When we started Physical Therapy the beginning of December, Oaklynn didn't like it. She is more of a personal trainer for Oaklynn. She has Oaklynn doing situps, squats, sit to stands and other things. Oaklynn would just start fussing to get out of PT when she was here.
Since we found out about the diagnosis Oaklynn's Physical Therapist, Beth, has been taking a new approach to her PT. She still does all the same stuff but in a different way. She explains to her what they are doing and why they are doing it. She talks to Oaklynn the whole time and interacts with her. The last couple times, Oaklynn has LOVED having Beth over. She gives Beth lots of hugs and smiles. She has been doing really good at her situps and her bridges! This last time Beth told her what they were going to do and without helping her Oaklynn started doing bridges... I mean one after the other. She did about 20 in a row and then started doing situps and then back to bridges. She was looking at me and Beth smiling the whole time and we were just cracking up. She totally knew what she was doing. She is such a ham!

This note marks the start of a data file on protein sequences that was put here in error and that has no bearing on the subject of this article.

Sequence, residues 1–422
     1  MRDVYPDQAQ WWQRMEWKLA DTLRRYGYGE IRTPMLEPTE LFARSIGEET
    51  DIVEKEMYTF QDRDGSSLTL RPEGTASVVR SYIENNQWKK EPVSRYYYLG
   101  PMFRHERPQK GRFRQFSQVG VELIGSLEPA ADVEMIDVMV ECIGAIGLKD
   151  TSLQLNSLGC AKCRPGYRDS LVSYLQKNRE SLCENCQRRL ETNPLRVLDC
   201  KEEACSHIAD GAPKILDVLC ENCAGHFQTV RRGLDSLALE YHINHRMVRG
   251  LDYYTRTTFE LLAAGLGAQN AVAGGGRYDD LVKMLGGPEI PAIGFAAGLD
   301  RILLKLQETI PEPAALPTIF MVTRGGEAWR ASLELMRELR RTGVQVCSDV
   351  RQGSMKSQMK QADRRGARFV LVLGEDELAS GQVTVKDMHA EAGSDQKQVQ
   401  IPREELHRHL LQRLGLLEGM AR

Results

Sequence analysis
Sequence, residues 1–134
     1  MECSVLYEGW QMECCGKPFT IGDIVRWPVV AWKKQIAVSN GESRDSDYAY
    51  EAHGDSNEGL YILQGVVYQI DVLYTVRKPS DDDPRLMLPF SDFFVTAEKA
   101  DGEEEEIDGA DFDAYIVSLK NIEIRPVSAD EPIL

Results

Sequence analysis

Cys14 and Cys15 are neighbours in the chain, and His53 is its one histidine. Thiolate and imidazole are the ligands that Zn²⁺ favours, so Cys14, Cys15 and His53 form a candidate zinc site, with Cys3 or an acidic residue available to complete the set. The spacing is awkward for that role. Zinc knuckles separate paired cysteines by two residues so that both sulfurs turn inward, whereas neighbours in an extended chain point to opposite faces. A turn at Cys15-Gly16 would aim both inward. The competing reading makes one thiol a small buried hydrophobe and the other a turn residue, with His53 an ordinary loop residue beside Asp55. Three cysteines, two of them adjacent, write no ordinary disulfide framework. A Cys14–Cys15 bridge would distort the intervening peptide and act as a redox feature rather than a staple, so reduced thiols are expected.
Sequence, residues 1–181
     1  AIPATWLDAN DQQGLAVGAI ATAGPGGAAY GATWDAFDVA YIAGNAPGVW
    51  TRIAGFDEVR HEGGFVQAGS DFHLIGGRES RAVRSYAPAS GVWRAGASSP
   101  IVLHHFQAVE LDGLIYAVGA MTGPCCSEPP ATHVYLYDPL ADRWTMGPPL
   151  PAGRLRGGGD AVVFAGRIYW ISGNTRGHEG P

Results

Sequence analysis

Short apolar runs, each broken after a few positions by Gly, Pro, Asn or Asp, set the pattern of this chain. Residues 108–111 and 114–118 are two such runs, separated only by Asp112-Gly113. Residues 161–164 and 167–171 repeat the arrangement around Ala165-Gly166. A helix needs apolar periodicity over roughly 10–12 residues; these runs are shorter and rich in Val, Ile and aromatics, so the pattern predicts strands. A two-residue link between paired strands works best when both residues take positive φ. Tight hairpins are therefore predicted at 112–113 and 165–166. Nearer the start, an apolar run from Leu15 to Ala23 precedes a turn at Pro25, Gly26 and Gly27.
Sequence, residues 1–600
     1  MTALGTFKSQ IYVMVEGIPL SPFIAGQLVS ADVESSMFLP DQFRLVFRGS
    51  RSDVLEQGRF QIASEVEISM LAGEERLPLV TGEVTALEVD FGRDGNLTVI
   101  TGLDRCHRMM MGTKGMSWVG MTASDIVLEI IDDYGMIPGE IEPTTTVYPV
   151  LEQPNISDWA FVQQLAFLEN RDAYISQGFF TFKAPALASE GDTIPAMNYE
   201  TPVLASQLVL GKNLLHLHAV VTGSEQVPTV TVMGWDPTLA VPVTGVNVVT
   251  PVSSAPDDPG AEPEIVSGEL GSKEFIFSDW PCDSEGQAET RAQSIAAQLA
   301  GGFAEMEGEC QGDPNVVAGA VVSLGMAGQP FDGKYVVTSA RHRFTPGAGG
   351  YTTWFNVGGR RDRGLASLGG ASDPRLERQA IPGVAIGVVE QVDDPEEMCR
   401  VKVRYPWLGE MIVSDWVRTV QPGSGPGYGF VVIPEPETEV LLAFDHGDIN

Although none of Oaklynn's therapists have working with girls who have Rett syndrome, they are all going out of their way to do as much research as possible and figure out how to help Oaklynn the best they can. We are very pleased with the therapists we have. Beth mentioned coming twice a week to try to get Oaklynn walking. She sees lots of potential in Oaklynn but feels that she needs more time during the week with her in order to get her to walking. She had heard that the sooner/younger you can get a Rett girl to start walking, the less likely they are to loose that ability. We have a meeting with my support coordinator next Friday to try and get it approved. (sorry the pictures were blurry, they were from my phone)
This picture (below) is Oaklynn doing her bridges. She just kept going up, down, up, down (with her pelvic bone)...
Beth is working on getting her a walker. One that straps you in so you don't fall and also helps to strengthen and align your legs so she is walking correctly and not on the inside of her feet with her toes pointed out.